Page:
Before I left SNC (oh so many moons ago, now) we were told about culture shock, and the signs and/or symptoms associated with it. The list is scary: feelings of sadness/loneliness, insomnia or sleeping too much, smallest problems seem overwhelming, etc. It’s all extensive and very heavy, which is the exact reason I was on the lookout for it as soon as I landed here in Perth.
What I was looking for exactly, I didn’t know. I may have been expecting a big, hairy monster to be the vehicle of culture shock, and he’d scare me one random day by popping out of my closet. This did happen and I managed to get a picture of him:
So the monster thing didn’t happen, nor did culture shock.
The reason for not experiencing culture shock could be a plethora of reasons, but I still experienced shock when I got here. I didn’t notice it at first, but after two weeks of not eating real food I analysed the situation and concluded I wasn’t spending money on food because everything is so expensive here. Eventually, I learned how to shop frugally by going to the last day of the fresh food market when vendors are so desperate to get rid of their food, and get steals and deals on fruits and vegetables. I’d eat for at least four days on that, and then eat Tim-Tams (and rice).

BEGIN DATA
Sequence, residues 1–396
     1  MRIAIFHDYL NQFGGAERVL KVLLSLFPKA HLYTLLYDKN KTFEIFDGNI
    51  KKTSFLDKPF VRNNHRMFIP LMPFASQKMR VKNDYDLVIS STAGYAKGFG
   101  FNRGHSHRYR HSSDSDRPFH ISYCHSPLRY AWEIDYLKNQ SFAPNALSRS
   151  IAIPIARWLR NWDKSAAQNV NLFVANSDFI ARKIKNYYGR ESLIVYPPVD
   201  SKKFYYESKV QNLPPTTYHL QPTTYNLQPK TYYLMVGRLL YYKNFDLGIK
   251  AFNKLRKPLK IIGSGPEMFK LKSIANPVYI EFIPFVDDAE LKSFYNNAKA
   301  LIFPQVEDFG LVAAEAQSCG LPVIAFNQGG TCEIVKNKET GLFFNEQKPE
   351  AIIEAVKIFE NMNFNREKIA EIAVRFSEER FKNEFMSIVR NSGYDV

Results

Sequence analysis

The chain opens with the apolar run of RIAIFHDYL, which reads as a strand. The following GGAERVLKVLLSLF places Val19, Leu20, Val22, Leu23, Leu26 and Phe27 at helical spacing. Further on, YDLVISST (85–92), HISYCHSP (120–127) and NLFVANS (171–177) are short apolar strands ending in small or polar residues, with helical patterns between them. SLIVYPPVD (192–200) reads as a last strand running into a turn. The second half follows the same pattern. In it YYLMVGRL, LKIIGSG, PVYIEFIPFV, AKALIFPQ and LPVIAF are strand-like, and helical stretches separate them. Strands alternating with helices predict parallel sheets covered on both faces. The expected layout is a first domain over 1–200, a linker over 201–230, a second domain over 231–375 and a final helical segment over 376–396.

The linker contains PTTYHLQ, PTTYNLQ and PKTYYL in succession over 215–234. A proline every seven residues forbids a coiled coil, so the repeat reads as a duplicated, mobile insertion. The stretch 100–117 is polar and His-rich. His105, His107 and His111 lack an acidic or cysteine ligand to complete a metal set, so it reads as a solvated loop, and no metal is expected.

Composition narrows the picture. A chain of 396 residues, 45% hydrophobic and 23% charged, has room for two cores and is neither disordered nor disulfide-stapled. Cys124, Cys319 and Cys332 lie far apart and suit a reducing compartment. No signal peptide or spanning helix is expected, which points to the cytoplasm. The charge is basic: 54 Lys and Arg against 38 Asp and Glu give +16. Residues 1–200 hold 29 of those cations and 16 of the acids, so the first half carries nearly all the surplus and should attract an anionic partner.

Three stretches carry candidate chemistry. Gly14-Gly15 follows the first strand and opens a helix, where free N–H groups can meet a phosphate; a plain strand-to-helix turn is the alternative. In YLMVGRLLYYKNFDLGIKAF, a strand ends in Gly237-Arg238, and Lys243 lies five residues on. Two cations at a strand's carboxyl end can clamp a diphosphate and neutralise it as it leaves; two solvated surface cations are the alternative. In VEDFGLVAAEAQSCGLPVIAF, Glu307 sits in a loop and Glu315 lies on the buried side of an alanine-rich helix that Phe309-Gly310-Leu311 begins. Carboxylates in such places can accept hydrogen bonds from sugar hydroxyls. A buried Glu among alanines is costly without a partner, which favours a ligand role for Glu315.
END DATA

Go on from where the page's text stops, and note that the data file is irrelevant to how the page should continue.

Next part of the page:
Perhaps if I were staying longer culture shock would occur, but I am leaving soon. And I’m so incredibly excited to eat cheap food.
Cassie Brayton is studying abroad at Murdoch University in Perth, Australia.